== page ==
Startups
Education / Entrepreneurs / Startups

So you want to be an entrepreneur?

Leesburg's Innovation School is here to help.

Ready, set, ideate. (Photo by Flickr user airsoftpal.com, used under a Creative Commons license)
So you’ve got an idea, an innovation, and you want to turn it into a company. Where do you start?

While it is certainly true that no two startups are exactly alike, there are some general steps along the entrepreneurship path that we all can agree on. That’s the whole idea behind Technical.ly’s own Tomorrow Toolkit ebook which, incidentally, is a great read. Find it here.

It’s also the whole idea behind Innovation School — a new five-week-long entrepreneurship course that is launching with its first cohort this week in Leesburg, Va.

Aldo Avanzini, founder of Innovation School, has a background in “innovation consulting” and rapid prototyping. His career in quickly bringing new ideas to market led him to realized that there are a lot of people out there with cool ideas who simply don’t know how to take the next step. “What if we can create a school,” he wondered, “where we teach you all the skills of entrepreneurship.”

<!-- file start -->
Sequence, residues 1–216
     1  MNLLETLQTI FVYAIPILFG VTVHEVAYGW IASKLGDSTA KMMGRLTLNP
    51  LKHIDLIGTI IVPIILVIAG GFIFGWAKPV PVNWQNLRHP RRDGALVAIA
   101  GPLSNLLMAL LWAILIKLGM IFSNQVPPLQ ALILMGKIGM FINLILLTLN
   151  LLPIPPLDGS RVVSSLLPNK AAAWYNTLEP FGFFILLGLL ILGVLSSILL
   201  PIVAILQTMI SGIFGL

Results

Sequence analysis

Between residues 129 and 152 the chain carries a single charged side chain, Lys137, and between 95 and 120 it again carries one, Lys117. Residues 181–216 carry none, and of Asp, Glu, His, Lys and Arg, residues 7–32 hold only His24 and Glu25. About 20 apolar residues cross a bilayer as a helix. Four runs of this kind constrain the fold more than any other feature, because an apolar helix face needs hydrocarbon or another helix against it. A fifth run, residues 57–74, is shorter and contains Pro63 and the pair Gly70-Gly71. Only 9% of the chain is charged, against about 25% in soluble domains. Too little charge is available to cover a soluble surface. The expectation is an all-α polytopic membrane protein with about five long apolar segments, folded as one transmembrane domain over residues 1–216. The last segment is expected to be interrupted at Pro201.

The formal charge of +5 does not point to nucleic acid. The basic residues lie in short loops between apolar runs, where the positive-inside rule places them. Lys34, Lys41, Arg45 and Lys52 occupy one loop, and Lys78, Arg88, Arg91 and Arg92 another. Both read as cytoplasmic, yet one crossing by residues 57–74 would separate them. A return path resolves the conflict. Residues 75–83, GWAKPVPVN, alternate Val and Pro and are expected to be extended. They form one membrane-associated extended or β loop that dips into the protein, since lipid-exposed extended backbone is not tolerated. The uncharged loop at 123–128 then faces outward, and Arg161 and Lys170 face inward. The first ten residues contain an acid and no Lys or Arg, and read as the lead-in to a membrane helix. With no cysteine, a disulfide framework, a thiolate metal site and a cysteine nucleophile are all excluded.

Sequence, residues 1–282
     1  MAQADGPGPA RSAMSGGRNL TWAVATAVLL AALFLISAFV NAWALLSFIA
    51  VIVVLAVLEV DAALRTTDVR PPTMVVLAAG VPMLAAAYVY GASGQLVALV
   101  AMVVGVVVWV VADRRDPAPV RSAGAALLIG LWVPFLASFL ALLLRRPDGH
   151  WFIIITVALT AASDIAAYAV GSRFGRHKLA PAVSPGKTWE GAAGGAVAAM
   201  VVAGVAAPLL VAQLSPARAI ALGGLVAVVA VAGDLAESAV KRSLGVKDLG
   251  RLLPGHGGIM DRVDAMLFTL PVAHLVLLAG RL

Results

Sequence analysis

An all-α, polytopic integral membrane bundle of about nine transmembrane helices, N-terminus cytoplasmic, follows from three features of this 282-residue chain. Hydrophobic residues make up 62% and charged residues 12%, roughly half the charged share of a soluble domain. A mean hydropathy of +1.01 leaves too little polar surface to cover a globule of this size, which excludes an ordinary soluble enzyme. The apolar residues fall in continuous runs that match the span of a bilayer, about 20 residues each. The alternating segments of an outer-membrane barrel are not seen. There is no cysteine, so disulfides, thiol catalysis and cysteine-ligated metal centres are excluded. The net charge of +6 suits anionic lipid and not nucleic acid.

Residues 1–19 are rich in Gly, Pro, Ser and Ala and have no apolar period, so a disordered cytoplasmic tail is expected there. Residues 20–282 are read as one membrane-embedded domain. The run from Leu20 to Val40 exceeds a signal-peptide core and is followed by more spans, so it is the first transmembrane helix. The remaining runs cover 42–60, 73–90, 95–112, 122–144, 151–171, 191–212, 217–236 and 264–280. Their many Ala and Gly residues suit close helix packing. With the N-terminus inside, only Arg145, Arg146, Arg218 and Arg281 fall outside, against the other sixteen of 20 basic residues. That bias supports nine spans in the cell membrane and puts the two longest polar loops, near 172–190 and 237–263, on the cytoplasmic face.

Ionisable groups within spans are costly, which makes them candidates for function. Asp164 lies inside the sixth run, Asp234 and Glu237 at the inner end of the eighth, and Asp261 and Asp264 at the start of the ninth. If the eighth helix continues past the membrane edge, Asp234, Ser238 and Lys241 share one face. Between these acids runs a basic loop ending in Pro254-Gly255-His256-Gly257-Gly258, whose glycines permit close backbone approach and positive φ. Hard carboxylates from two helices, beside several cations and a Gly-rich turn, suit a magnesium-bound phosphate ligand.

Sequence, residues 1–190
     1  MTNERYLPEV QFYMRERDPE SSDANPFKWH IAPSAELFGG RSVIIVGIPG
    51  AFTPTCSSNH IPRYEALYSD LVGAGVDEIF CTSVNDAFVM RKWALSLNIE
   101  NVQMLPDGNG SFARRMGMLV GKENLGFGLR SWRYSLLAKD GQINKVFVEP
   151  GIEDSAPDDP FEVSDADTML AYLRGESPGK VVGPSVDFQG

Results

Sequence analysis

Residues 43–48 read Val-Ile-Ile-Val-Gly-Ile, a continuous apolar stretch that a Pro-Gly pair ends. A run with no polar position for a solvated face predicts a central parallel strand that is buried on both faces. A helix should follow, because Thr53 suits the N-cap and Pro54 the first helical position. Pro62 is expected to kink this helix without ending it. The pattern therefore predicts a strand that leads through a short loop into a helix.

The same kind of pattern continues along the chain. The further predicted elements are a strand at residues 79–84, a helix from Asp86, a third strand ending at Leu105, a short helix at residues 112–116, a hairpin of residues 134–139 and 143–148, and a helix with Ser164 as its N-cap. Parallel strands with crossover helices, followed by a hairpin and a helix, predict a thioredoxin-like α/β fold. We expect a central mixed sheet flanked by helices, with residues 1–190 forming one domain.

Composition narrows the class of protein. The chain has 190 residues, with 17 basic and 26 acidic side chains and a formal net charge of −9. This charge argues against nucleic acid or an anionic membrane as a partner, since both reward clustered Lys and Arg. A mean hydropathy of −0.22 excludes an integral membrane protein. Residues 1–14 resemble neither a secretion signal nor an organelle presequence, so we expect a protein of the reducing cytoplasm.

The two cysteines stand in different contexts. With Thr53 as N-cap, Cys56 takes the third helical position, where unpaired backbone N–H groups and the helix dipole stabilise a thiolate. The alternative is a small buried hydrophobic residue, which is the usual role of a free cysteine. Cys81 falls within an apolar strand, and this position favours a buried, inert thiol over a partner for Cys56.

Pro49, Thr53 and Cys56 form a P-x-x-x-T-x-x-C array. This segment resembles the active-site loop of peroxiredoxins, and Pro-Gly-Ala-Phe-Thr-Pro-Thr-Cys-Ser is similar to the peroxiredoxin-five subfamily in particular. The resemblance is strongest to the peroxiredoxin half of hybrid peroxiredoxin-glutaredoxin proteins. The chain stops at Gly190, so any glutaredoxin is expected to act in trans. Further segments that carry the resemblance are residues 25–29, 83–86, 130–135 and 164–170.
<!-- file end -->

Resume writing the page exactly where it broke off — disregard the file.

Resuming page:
So that’s exactly what he decided to create.

Innovation School participants meet two days a week for about two hours each day. The cohort of between 30 and 60 people (that’s still being finalized) will divide into groups around their interests and work toward the creation of a product over the course of those five weeks. In this way it’s sort of like Startup Weekend, but longer and with a little more of a hands-on educational element. Lessons include everything from the ideation process to A/B testing, branding and marketing and team management.

Avanzini is developing the curriculum himself, but is also working on partnerships for specific lessons on things like legal issues, etc.

At the end of the five weeks, Avanzini hopes, participants will walk away with the skills necessary to be a serial entrepreneur.

But can all that really be taught?

Avanzini is fairly pragmatic. “At the end of the day it’s still an introductory course,” he said. But at least participants will know where to start, and some key steps along the way.

Avanzini says the response has been “very enthusiastic.” Some say the course (which costs $3,000) is too expensive — but Avanzini encourages potential participants to think of it as an investment. It’s far less expensive, he argues, than making a bunch of easily-avoidable mistakes with your startup just because you don’t know any better.

Why start the Innovation School in the D.C. area? For one thing, Avanzini is based here. But beyond that, he says, D.C. is a great market for what he’s offering. “The area has so many talented working professionals,” he told Technical.ly. These are “really talented, ambitious individuals” who may want to start something of their own, but are not sure how to proceed. Avanzini is here to help.

“I just wish they had this when I began my career,” he said.

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